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ISSN: 2329-6836
Natural Products Chemistry & Research
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Omega -3 Fatty Acid for Cardiovascular Prevention

Pollen K Yeung*
College of Pharmacy and Department of Medicine, Dalhousie University, Halifax, NS, Canada B3H 4R2
Corresponding Author : Pollen K. Yeung
Department of Pharmacy and Medicine
Dalhousie University, Halifax, NS, Canada, B3H 4R2
Tel: 902-4943845
Fax: 902-4941396
E-mail: [email protected]
Received January 27, 2015; Accepted January 29, 2015; Published February 07, 2015
Citation: Yeung PK (2015) Omega -3 Fatty Acid for Cardiovascular Prevention. Nat Prod Chem Res 3:e111. doi: 10.4172/2329-6836.1000e111
Copyright: © 2015 Yeung PK. This is an open-access article distributed under the terms of the Creative Commons Attribution License, which permits unrestricted use, distribution, and reproduction in any medium, provided the original author and source are credited.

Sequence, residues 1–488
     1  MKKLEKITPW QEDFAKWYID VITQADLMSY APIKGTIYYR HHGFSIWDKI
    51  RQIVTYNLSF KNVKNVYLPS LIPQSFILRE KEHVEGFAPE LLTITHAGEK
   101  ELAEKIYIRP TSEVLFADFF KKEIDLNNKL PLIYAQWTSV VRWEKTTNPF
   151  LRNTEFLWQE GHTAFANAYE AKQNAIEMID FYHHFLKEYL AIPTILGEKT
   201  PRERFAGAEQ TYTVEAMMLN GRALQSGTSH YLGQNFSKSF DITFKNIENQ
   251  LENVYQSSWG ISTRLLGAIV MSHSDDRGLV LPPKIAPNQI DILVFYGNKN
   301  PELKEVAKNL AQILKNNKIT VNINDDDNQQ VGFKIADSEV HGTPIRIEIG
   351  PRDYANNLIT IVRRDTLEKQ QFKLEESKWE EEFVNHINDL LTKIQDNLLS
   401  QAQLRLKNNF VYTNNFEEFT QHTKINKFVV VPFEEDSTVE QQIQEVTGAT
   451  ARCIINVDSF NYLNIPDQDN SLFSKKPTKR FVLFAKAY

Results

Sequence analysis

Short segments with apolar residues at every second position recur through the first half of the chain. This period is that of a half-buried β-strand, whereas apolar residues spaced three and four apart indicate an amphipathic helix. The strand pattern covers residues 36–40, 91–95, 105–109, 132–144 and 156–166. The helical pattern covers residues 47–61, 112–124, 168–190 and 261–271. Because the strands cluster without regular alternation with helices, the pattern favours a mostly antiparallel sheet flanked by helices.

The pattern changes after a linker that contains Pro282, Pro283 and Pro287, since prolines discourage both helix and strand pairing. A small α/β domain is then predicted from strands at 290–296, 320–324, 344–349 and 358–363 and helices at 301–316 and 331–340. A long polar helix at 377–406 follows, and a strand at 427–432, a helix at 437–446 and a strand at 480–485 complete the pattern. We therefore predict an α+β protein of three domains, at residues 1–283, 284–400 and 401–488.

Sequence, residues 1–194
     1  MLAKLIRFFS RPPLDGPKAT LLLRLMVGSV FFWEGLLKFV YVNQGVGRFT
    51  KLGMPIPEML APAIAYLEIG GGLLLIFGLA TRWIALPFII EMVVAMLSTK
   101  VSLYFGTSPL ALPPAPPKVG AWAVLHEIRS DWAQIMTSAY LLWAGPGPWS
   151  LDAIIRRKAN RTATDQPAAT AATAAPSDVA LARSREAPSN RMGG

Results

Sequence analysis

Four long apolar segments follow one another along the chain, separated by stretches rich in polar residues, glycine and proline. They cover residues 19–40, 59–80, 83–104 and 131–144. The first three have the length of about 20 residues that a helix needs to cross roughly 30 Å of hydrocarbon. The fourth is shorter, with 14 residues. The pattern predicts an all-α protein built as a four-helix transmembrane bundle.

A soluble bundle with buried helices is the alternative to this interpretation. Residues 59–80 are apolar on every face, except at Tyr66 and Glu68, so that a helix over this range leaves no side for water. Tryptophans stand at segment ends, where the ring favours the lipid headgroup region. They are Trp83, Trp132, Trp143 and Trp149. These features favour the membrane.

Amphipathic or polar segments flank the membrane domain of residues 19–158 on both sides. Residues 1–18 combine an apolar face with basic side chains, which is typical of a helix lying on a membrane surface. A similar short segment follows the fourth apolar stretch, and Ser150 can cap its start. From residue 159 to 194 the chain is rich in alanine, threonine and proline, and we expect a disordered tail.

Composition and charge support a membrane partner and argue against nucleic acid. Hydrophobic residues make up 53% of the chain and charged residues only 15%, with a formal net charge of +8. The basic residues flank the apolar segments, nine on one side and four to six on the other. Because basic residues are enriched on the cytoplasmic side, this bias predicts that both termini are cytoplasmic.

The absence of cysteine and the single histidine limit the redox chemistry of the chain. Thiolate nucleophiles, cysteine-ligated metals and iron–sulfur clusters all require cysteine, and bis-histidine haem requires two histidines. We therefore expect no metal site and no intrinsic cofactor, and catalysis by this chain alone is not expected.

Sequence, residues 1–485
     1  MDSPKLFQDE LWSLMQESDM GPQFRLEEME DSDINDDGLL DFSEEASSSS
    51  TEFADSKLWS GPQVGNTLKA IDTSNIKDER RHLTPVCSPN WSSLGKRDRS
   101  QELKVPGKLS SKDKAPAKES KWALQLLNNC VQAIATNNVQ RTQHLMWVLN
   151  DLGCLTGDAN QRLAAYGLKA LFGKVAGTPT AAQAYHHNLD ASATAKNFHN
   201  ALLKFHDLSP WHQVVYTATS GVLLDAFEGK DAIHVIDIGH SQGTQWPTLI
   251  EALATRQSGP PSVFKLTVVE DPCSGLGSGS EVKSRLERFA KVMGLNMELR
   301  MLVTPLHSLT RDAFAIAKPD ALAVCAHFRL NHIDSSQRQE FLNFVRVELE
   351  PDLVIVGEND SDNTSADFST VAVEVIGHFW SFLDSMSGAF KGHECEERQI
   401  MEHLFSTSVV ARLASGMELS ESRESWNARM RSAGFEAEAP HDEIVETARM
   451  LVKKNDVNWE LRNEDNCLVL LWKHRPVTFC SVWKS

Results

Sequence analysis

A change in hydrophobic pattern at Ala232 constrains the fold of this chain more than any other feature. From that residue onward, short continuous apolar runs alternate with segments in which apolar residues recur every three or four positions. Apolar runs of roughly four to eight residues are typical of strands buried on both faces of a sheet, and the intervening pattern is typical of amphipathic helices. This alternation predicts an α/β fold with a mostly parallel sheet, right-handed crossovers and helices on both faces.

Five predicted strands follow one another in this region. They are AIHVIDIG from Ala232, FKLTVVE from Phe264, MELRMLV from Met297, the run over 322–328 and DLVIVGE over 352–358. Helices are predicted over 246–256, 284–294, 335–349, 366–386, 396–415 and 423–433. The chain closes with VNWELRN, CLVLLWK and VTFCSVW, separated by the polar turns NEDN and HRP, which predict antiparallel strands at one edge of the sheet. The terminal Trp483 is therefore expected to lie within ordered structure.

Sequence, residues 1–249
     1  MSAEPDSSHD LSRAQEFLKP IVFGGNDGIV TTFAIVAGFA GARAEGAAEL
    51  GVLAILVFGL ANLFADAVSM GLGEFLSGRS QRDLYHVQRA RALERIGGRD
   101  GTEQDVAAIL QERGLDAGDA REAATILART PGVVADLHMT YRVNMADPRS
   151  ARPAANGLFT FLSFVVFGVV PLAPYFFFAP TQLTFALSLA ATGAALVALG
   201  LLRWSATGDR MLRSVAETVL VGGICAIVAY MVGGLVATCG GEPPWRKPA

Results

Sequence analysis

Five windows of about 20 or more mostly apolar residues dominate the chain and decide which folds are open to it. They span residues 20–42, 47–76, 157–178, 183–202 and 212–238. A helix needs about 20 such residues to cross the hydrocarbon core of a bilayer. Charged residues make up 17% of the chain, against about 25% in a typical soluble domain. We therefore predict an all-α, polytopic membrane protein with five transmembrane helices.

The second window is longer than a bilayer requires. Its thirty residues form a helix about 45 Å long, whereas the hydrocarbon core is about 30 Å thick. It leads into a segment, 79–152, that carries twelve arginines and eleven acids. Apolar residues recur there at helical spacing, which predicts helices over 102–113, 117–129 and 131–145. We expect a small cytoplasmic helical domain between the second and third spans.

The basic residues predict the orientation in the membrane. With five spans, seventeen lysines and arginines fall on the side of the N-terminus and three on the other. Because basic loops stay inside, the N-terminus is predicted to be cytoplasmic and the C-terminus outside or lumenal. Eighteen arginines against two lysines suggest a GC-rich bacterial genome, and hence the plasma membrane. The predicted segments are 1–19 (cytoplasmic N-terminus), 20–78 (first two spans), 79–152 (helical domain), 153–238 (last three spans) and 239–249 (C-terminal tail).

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Cardiovascular disease including stroke is one the leading cause of death and disability and an enormous economic burden to our societies. Based on the latest statistics released for heart and stroke disease, an estimated 83,600,000 adults in the United State (US) (>30%) have one or more types of cardiovascular disease (CVD) of whom more than 90% have hypertension, 18% have coronary heart disease (CHD), close to 10% have myocardial infarction (MI) and 8% have stroke. The total direct and indirect cost in the US alone for treatment of cardiovascular diseases (hospitalization, drugs, home healthcare, etc.) and loss of productivity and morbidity is estimated at close to $315 billion US per year [1]. Thus prevention by better diagnosis and improved treatment strategies could provide a huge saving for the health care cost worldwide. Despite advancement in modern cardiovascular medicine, the prevalence of hypertension, ischemic heart disease (IHD) and stroke is still on the rise particularly in industrialized societies and in the obese and elderly population, and that finding an optimum drug therapy to slow disease progression remains a therapeutic challenge.